I also wanted you to know Chuck that Landmark College in Vermont is a private college specifically focused toward students with disabilities. It has the same curriculum as a traditional colleges and universities. Landmark also has a transitional program where it teaches students with specific learning disabilities learning strategies to thrive in traditional institutions. However, this college should be used as a prototype for other public and private postsecondary institutions on how to implement classroom strategies, not teach “separate but equal” (separate classrooms/colleges)philosophy of the 1950s-1970s. Relegating funds, thus students, to a few institutions will only reinforce the division of employability in the work force as employment sectors mimic the diversity higher education.

    Furthermore, neuropsychology has proven that people learn best when more than one sense is engaged in learning. Today, most college students have iPods or some form of mp3 device. There are numerous ways to incorporate their use in classroom lessons, as there are digital powerpoints. Medical schools are now using interactive anatomy programs that walk students through human and animal dissections and surgeries. This has shown to improve students’ hands on comprehension of the subject matter before working on living subjects. These programs were not designed to cater to SWDs, but they nonetheless benefited along with all students through engaging multiple senses sight, sound, and touch. An atmosphere that fosters this type learning has a higher success rate, lower dropout rate and a strong more positive reputation.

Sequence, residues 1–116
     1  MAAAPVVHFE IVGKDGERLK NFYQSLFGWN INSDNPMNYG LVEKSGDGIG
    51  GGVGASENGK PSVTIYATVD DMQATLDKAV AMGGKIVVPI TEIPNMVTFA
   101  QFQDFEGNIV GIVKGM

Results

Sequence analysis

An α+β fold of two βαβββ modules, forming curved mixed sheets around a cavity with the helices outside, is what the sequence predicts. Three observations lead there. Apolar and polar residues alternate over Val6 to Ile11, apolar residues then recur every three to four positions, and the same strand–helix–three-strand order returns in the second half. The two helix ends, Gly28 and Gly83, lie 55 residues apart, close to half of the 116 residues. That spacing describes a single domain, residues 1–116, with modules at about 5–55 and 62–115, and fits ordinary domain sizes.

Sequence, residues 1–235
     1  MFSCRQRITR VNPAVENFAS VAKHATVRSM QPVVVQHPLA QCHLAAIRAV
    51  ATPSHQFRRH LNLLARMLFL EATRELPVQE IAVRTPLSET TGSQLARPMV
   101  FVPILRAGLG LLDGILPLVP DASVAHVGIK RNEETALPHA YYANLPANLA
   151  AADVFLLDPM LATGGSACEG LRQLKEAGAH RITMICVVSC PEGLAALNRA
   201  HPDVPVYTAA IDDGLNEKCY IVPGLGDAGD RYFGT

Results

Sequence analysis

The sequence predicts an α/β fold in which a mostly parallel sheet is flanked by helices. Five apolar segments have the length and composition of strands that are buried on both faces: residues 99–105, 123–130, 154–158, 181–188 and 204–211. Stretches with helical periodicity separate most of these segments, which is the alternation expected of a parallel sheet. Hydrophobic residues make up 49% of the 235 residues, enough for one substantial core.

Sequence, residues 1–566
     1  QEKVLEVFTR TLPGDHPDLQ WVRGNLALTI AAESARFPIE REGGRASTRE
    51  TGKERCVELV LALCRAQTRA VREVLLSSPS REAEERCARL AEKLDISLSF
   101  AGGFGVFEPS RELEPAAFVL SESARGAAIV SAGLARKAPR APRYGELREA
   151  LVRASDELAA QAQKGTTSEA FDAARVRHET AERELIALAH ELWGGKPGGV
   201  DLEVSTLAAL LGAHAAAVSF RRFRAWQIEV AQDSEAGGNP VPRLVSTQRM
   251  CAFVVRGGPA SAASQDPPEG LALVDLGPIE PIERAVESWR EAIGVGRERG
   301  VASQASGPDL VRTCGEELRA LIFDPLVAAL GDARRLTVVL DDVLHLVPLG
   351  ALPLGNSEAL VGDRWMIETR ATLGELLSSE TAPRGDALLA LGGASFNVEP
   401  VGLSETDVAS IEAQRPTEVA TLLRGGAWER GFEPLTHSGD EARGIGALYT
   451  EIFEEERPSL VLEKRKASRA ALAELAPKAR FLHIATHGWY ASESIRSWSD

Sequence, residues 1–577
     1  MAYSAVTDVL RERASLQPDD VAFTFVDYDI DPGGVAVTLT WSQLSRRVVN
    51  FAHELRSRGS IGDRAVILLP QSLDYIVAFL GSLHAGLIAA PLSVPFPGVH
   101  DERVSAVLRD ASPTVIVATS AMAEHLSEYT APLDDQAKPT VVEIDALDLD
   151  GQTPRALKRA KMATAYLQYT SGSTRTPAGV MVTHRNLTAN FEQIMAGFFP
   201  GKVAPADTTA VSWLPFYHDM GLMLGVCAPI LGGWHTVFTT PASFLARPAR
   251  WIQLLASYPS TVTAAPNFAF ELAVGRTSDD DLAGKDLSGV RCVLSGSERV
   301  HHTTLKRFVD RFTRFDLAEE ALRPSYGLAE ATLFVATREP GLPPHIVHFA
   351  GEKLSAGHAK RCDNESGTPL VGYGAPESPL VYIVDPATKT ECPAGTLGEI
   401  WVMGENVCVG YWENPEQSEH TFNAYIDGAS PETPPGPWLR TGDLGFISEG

Michelle Pirog 2012/04/09 at 10:02 pm

Those are valid points Chuck, but the premise of my article was to encourage a truly integrated classroom. If a classroom is truly integrated there would be no distinction between accommodations for students with disabilities and those of students without disabilities. By using multi-sensory teaching methods you will reach everyone through direct and explicit teaching. By doing so you also do not marginalize those students with different learning and communication styles.

Thank you again Chuck for your insight. I value your input.

a few years back, I learned about the innovative work going on at Bloomsburg U. to improve accessibility to deaf and hard of hearing — it’s a marvelous example of disruptive leadership to blend modern technology with “brick and mortar” practices, including synchronous sign language intepretation. If we look at applying such innovation to improve “accessibility” beyond the five major SLDs, what about improving accessibility to other underserved areas, specifically the tens of millions of working (or unemployed, returning military, etc) adults who, for various reasons, missed the 18 – 23 y.o. cohort cycle? Given globalization and technology acceleration, it seems postsecondary credentials are increasingly critical to success. Thanks, Michelle, for a thoughtful and well-researched article!

Leave a Reply

Your email address will not be published. Required fields are marked *